Subject Leader: Mrs Jo Gutteridge

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What are we studying?

This is an exciting opportunity to study the effect of belief on peoples’ lives.  It gives students the chance to get to grips with philosophical questions such as ‘is there a God?’ and ‘what happens when I die?’ and to debate the rights and wrongs of many social issues such as abortion, capital punishment, genetic engineering and mercy killing. Students will study the beliefs, teachings and practices of both Christianity and Islam and in doing so will gain a real understanding of the motivation behind these two religions. The course encourages a dialogue between religions and non-religious beliefs and attitudes, and encourages the students to share their own views about all that is studied.

Students follow the AQA Religious studies GCSE course. One part of the course concentrates on the understanding of the two religions of Christianity and Islam. The other part of the course studies religious, philosophical and ethical issues. There are links made between both sides of the course throughout.

How are we assessed?

The GCSE course is examined at the end of Year 11 with two exams, each 1 hour and 45 minutes and each worth 96 mark (plus 5 for spelling, punctuation and grammar).

Exam Paper 1:

Question 1: Christianity: beliefs and teachings (including beliefs about God, life after death, judgement, good and evil).

Question 2: Christianity: practices (including Easter, places of pilgrimage, persecution and the work of charities).

Question 3: Islam: beliefs and teachings (including  Angels, the difference between Shi’a and Sunni Muslims and predestination).

Question 4: Islam: practices (including the Five Pillars, jihad, prayer and festivals).

Exam Paper 2:

Question 1: Religion and Life (including the ethics surrounding the use and abuse of animals, euthanasia, abortion and the relationship between scientific and religious ideas about the universe and humanity).

Question 2: Religion, peace and conflict (including the ethics surrounding war, weapons of mass destruction, terrorism, justice and the use of violence).

Question 3: Religion, crime and punishment (including the ethics surrounding the use of capital  punishment, corporal punishment, forgiveness, reasons for crime and the aims of punishment).

Question 4: Religion, human rights and social justice (including issues surrounding prejudice and discrimination, the status of women, the use of wealth, the motivation behind and the impact of charities and other issues surrounding human rights)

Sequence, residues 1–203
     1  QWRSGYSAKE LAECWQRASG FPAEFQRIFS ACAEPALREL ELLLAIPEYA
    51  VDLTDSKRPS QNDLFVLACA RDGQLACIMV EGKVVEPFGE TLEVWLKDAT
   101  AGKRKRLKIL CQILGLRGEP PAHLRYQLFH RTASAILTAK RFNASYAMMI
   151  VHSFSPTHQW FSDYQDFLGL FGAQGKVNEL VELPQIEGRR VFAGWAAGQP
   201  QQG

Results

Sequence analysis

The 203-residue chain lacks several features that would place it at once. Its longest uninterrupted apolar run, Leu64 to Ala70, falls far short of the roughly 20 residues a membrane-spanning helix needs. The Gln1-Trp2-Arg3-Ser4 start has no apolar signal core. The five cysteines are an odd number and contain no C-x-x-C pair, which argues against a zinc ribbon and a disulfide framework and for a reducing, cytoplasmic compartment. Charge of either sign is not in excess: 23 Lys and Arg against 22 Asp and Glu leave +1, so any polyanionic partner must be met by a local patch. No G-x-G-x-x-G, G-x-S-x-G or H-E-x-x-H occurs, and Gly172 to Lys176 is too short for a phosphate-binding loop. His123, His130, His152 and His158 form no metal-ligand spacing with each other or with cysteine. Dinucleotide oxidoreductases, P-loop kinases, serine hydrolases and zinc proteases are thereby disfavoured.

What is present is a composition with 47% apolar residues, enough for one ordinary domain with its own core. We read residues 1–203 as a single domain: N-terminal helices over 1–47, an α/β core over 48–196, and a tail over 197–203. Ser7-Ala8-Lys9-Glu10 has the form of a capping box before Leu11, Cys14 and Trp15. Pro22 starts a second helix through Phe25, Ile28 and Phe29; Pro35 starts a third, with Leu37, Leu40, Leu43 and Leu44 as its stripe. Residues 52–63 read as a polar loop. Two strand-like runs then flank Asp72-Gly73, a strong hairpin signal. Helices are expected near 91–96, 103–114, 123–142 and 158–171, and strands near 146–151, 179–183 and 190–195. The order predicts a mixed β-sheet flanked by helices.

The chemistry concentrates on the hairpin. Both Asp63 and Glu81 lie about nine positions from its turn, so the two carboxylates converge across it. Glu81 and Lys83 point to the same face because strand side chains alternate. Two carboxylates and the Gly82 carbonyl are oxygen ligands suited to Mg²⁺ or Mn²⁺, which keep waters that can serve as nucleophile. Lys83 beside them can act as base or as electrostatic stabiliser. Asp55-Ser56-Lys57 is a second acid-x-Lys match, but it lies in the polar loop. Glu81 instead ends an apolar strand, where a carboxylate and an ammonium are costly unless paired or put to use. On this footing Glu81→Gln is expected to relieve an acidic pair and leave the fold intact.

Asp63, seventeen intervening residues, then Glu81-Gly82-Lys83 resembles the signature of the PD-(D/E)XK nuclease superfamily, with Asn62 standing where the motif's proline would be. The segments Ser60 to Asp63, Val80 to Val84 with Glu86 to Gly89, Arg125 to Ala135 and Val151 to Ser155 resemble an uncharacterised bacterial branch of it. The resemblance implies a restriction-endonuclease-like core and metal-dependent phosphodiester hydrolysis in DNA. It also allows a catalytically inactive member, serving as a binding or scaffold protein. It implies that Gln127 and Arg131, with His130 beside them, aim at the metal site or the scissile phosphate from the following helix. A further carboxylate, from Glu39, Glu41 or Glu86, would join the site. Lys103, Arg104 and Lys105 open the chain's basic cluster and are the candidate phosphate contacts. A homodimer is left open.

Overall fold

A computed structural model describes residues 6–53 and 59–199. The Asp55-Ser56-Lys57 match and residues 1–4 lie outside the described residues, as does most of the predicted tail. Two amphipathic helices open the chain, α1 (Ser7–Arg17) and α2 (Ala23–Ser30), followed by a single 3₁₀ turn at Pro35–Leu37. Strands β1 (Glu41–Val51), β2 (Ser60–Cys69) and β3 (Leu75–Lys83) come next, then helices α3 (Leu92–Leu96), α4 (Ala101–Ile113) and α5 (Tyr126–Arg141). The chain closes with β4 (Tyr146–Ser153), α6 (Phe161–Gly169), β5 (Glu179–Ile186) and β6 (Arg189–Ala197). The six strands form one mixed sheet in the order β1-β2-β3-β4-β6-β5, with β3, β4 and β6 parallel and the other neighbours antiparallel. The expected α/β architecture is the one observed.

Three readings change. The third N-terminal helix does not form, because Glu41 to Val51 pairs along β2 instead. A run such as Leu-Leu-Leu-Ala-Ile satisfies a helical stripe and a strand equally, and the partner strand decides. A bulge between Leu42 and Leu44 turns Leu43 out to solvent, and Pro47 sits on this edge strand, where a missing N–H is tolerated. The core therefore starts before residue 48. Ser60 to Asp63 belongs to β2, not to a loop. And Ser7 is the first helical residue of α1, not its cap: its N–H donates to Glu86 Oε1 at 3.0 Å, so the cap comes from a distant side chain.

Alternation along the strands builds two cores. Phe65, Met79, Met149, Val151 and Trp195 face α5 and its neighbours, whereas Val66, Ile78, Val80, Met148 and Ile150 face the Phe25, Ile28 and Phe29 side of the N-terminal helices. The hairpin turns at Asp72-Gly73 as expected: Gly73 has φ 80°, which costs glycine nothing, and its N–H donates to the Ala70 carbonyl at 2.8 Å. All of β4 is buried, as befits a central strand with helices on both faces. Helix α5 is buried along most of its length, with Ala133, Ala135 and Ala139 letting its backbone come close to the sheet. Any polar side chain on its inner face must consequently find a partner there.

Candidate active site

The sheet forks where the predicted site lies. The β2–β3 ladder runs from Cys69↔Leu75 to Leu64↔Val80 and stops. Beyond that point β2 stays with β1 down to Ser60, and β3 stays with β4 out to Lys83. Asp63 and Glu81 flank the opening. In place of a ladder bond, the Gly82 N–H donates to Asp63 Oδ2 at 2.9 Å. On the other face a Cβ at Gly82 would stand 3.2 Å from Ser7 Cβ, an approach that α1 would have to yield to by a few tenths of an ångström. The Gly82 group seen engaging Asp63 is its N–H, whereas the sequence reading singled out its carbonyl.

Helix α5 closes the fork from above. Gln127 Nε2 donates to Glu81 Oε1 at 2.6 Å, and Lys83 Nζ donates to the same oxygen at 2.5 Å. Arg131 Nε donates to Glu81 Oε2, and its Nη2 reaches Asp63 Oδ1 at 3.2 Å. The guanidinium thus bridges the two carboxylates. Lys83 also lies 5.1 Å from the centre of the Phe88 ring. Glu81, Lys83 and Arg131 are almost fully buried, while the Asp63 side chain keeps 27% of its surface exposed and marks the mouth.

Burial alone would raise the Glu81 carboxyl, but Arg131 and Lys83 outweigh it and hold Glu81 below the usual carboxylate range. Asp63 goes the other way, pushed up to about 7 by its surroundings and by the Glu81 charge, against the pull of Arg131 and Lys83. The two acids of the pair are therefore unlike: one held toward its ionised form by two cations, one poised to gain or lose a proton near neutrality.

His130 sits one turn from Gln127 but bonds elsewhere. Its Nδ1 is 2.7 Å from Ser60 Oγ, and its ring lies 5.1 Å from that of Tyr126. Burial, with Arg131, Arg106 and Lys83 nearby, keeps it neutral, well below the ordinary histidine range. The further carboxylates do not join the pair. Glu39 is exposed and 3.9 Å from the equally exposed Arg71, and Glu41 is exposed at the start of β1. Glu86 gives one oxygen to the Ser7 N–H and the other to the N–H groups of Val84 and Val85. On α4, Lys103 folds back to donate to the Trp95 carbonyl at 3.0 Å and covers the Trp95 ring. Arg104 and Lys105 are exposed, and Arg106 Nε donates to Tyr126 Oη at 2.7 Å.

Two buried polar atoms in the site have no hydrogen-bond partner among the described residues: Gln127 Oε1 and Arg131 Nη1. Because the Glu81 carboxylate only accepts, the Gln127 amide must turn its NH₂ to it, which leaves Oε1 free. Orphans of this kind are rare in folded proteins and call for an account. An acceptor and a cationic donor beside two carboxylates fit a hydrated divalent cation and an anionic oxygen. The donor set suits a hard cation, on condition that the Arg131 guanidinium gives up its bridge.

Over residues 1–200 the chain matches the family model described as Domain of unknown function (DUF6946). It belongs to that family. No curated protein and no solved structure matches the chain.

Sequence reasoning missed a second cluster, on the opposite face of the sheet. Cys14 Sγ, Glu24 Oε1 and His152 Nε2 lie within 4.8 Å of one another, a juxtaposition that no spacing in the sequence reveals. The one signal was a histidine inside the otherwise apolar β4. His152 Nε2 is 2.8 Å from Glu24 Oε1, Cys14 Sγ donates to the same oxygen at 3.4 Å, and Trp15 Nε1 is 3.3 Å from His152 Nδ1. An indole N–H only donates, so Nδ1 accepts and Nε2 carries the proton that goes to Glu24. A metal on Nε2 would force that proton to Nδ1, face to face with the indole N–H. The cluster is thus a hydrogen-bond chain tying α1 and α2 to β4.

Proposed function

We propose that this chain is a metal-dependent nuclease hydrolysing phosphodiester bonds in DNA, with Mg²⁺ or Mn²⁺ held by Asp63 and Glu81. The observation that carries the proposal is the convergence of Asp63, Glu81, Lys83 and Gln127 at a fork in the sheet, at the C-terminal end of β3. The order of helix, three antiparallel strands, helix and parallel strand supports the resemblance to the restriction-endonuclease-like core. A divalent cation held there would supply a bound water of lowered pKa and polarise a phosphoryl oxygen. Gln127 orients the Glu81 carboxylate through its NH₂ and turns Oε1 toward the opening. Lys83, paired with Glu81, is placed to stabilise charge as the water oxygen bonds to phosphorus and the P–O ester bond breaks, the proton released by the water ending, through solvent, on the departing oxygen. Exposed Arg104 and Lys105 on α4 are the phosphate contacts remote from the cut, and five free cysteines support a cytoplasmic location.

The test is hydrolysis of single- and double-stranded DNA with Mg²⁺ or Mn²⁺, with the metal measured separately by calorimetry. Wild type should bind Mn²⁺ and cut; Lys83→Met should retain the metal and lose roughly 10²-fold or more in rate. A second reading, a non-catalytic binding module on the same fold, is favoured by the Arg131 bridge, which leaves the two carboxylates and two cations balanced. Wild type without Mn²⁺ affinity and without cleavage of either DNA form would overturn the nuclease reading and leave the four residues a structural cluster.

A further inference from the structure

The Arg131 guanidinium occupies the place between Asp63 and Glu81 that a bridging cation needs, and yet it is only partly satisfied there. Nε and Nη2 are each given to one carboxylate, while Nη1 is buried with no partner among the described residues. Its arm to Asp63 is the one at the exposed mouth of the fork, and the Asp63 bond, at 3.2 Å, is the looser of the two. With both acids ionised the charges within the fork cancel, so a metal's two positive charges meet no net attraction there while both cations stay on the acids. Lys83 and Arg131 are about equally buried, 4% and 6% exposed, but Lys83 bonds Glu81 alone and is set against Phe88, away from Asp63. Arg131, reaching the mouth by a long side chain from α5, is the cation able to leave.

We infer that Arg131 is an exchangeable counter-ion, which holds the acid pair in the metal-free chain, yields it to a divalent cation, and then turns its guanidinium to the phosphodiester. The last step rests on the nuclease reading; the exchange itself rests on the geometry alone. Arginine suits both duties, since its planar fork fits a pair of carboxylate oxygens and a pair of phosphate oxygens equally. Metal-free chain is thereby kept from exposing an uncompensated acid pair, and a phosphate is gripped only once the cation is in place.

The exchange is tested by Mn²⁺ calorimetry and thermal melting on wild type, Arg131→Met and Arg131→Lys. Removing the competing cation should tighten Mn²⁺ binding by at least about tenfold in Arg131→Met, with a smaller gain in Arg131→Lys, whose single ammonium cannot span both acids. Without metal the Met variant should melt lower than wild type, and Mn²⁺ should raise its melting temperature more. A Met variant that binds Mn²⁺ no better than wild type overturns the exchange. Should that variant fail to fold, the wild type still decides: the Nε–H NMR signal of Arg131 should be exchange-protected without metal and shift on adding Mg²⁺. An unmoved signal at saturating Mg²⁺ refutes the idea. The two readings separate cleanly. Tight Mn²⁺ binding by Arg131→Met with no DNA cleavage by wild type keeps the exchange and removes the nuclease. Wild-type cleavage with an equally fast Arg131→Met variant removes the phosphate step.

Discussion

Each topic is assessed using the same format which enables students to really get to grips with what the examiners are looking for. Each question is subdivided into 5 parts:

Part 1 – 1 mark

Part 2 – 2 marks

Part 3 – 4 marks

Part 4 – 5 marks

Part 5 – 12 marks

The total marks for each question is therefore 24, with 12 of the marks being allocated for knowledge and understanding (parts 1-4), and 12 of the marks allocated for analysis and evaluation (for part 5).

Students will practice these types of questions throughout the 2 year course, receiving feedback on how to improve and how to manage their time as effectively as possible. This will enable students to gain in confidence in approaching these questions, and will enable progression in their skills.

How are we grouped?

Students are placed in mixed ability sets based on their option block choices.

What homework are we expected to do?

Home learning will be set once a week.  It may involve research or completion of a task started in a lesson.  It may not necessarily involve writing as it may be that students need  to watch a relevant section of the news or a documentary. It may be that the homework is more creative inspired by the issues or questions raised in the lessons. It may be practising an exam style question or just writing notes on a particular topic or issue.  It may be revision for an end of topic GCSE practice question. 

What can parents do to help?

Encourage your child to have an open mind and to discuss what they have learnt each week.  Engage them in conversations about religion and ethical issues when related items appear on the news or in television programmes or films.

Useful resources and equipment

All students should have the following in all RE lessons: a black pen, a green pen, pencil, ruler and rubber. Pupils will also find it useful to have coloured pencils and highlighter pens in some lessons.

The main BBC website and the BBC Bitesize pages have useful resources about many of the topics that we cover.


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